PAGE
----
Having been a police officer for 30 years, I understand first-hand how disgusting and abhorrent it is to be spat at or bitten. I have experienced both personally.
After the initial shock, the possibility of contracting a communicable disease is a worrying possibility and the psychological effect on the officer is often overwhelming. In many ways, the aftermath is actually worse than the assault itself. Indeed, officers have told me that they would rather be punched than bitten or spat at.
Based on previous twelve-month figures, by the end of this year, over 1,400 police officers from Devon & Cornwall Police, Dorset Police and Avon & Somerset Police would have been assaulted while carrying out duties to keep the peace within their local communities (491 in Devon & Cornwall Police; 214 in Dorset Police; and 701 in Avon & Somerset Police).
In Dorset over the past 12 months, the number of reported incidents of officers being spat at or bitten has increased significantly. From three incidents in 2015/16 to 29 incidents being reported in 2017/18. The rise of reported assaults is a worrying trend and I understand that action must to taken to protect our protectors.
The principle that police officers and staff should not be spat at or bitten is beyond dispute; and I respect and accept the decision of the Chief Constable of Dorset, James Vaughan to introduce spit guards across the Force.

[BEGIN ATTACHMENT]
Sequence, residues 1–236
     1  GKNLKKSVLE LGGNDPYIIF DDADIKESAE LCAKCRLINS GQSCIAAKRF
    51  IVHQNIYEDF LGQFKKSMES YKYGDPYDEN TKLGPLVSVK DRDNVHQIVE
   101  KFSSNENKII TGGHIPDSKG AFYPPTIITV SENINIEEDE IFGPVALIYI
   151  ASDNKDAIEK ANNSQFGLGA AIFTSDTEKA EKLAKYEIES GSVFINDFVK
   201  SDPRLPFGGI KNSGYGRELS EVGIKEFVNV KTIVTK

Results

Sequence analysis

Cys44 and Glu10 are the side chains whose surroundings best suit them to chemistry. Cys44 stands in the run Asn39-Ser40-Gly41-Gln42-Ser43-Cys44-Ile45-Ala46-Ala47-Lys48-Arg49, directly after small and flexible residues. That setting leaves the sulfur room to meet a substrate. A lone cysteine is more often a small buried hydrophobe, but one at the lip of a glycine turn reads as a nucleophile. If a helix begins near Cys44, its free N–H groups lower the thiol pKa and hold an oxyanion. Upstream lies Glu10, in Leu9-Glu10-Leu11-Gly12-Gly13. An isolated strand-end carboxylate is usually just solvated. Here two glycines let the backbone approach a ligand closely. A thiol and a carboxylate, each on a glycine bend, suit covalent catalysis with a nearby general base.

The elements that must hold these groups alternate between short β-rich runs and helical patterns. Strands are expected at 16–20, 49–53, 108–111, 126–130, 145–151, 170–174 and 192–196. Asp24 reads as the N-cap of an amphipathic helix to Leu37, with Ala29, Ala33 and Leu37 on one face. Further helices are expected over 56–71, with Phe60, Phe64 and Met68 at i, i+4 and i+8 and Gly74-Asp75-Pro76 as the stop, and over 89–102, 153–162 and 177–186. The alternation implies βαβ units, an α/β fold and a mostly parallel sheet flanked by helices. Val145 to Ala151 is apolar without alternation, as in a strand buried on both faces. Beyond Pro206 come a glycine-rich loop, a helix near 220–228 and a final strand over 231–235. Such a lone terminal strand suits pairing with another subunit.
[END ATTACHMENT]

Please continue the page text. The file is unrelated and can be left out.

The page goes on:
I have, in the past, voiced genuine concerns over the use of spit guards. I am however, reassured by the Chief Constable that there will be full and comprehensive training for all officers under the College of Policing National Personal Safety manual with regard to the use of the guards and that the guidance in that manual will be strictly adhered to.
Quite simply, I do not accept that an officer should ‘expect’ to be attacked in the execution of their duty or that any member of the emergency services should work in fear, and that is why I have given my whole hearted support to the #Unacceptable Campaign that has been launched by emergency services partners across the South West.
It is quite clear that the people of Dorset, my constituents, support officers being protected from such attacks and spit guards will now form part of their kit, just like body worn video.
That said, as the person elected to hold the Force to account, I give the people of Dorset my assurance that I, together with the independent "Use of Force Scrutiny Panel" will monitor and scrutinise the introduction and use of spit guards by Dorset Police as the roll out progresses.